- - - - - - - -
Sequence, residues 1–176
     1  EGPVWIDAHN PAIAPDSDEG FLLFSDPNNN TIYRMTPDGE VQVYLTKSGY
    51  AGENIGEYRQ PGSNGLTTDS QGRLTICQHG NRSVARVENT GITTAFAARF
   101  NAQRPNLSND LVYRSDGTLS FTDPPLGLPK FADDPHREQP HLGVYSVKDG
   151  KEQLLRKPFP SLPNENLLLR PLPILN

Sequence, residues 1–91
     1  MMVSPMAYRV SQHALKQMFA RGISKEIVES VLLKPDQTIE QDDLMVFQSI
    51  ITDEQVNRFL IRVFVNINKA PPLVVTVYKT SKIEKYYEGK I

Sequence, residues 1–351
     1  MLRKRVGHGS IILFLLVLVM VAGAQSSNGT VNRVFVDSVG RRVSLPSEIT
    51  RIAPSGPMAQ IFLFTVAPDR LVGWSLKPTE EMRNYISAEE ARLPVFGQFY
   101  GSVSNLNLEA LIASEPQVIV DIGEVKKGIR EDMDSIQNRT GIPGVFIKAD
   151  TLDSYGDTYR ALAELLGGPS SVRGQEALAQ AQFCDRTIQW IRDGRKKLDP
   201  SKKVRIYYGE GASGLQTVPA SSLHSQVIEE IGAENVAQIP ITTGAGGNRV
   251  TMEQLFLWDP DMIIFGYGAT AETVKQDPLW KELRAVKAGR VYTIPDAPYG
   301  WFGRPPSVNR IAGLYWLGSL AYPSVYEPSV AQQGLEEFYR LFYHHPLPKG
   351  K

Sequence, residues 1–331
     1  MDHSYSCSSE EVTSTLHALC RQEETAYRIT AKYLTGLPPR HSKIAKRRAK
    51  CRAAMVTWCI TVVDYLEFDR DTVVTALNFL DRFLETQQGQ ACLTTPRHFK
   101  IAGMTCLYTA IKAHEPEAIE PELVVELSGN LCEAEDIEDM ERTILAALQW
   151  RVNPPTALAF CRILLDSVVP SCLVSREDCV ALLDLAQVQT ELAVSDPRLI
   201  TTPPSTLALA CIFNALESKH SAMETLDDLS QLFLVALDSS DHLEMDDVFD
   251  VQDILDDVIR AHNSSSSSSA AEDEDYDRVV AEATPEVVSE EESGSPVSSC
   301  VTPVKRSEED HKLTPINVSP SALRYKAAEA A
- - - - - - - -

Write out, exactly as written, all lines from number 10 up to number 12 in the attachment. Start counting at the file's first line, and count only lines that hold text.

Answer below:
     1  MLRKRVGHGS IILFLLVLVM VAGAQSSNGT VNRVFVDSVG RRVSLPSEIT
    51  RIAPSGPMAQ IFLFTVAPDR LVGWSLKPTE EMRNYISAEE ARLPVFGQFY
   101  GSVSNLNLEA LIASEPQVIV DIGEVKKGIR EDMDSIQNRT GIPGVFIKAD